Human Rights in Ukraine. Website of the Kharkiv Human Rights Protection Group
Human trafficking

Around one hundred thousand Ukrainians have suffered from human trafficking (updated)


IOM Ukraine Counter-trafficking Programme Coordinator, Fredric Larsson gave these figures during a briefing on Tuesday 6 March in the Ministry of Foreign Affairs.  He mentioned that they were based on reports commissioned by the International Organization for Migration Mission in Ukraine.

Mr Larsson pointed out that the level of labour exploitation was four times higher than that for sexual bondage. He added, however, that the figures were probably not an accurate reflection since the majority of victims of sexual bondage refuse to admit to this.

He also noted that Ukraine is carrying out a large number of different anti-trafficking measures and that the Ministry of Foreign Affairs has created a special section on this subject. He added that Ukraine was the first country in the world to have legislation and a state department on combating human trafficking.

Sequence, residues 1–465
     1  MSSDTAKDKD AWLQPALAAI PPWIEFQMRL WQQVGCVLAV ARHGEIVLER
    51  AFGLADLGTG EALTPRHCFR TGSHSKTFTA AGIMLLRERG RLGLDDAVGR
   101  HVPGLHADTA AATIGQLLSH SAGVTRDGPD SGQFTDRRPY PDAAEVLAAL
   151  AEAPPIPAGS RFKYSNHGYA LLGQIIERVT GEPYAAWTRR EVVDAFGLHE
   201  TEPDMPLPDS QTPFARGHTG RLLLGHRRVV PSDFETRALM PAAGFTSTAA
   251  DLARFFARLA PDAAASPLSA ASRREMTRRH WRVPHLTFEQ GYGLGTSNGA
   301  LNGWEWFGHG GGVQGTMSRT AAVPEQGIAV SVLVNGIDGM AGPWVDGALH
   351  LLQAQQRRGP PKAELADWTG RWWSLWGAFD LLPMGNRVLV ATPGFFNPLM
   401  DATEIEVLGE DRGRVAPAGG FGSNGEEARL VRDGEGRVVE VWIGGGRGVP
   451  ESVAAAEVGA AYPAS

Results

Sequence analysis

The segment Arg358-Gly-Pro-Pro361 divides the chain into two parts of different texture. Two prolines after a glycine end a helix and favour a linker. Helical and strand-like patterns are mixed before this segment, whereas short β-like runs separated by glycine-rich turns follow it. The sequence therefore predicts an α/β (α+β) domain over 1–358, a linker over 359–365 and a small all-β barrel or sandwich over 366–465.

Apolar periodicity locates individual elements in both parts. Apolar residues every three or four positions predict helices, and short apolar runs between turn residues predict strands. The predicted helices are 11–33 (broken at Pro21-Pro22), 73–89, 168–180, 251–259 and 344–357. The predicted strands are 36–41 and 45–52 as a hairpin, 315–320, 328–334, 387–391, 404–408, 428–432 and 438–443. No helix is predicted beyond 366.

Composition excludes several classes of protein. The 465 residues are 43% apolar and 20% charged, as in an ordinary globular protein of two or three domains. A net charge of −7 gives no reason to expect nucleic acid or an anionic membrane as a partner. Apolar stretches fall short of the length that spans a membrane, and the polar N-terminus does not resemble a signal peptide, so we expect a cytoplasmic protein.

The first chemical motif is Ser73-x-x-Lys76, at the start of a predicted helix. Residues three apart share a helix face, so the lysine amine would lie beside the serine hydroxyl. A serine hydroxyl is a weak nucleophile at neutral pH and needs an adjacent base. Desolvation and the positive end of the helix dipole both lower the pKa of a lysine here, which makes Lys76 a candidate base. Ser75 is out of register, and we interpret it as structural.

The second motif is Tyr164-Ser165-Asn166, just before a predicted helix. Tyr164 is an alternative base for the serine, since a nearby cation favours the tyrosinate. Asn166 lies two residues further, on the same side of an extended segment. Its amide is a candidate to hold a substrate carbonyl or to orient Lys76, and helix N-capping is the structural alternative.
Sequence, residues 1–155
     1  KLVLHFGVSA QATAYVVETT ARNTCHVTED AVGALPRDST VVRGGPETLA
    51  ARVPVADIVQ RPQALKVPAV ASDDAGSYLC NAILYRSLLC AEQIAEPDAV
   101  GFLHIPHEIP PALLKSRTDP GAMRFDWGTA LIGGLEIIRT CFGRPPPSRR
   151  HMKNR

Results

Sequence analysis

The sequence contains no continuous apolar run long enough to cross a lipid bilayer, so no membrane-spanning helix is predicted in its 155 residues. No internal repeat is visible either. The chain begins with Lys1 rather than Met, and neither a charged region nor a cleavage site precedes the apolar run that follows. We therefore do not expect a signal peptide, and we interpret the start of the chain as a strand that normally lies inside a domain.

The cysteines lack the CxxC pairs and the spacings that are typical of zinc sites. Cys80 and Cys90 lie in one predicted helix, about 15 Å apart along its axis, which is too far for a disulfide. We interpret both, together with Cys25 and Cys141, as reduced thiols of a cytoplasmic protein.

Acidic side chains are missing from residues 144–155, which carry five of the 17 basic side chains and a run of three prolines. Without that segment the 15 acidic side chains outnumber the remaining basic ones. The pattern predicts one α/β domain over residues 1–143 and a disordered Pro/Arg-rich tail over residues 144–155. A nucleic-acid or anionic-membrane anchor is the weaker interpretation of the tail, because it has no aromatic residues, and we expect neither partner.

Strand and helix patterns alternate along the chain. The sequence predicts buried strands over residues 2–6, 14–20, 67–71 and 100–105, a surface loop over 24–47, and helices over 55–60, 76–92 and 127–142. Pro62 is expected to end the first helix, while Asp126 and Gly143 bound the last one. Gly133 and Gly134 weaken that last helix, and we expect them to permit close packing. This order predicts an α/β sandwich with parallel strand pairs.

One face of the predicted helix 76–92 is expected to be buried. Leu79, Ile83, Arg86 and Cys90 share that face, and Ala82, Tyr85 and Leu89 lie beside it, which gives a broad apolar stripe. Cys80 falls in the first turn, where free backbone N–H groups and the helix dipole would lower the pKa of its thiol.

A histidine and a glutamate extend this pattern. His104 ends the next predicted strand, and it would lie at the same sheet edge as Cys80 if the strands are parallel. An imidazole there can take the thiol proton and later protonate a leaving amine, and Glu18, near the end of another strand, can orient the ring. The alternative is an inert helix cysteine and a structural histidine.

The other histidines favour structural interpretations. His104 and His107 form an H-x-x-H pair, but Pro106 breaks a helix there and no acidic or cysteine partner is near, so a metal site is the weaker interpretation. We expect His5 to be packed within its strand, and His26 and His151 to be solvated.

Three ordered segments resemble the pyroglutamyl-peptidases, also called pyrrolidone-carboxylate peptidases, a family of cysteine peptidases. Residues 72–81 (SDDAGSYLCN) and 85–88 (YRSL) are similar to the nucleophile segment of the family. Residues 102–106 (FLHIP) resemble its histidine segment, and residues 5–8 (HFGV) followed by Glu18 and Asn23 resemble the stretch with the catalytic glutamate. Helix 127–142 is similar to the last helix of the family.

Mr Larsson said that an active part in addressing this problem was also being taken by Ukrainian society, together with churches and civic organizations.

At the same time, he stressed that without support from the world community, the problem could not be resolved. He is convinced that for Europe it is vital that Ukrainians should be able to travel abroad in safety.

The International Organization for Migration has over the last five years given assistance to 3,200 Ukrainian nationals who had ended up in bondage in 52 different countries, 20 of which are members of the EU. Of course, however, most Ukrainians become caught up in slavery in neighbouring countries – Russia, Poland and Turkey.

Mr Larsson stressed that as well as the work which the IOM and Ukraine are carrying out on helping victims, efforts are also needed to bring criminal charges against the perpetrators.

He added that in Ukraine at the present time there are five special refuges for people who have been in bondage, special hospitals for them, as well as a service providing psychological help to the victims and helping them find work.

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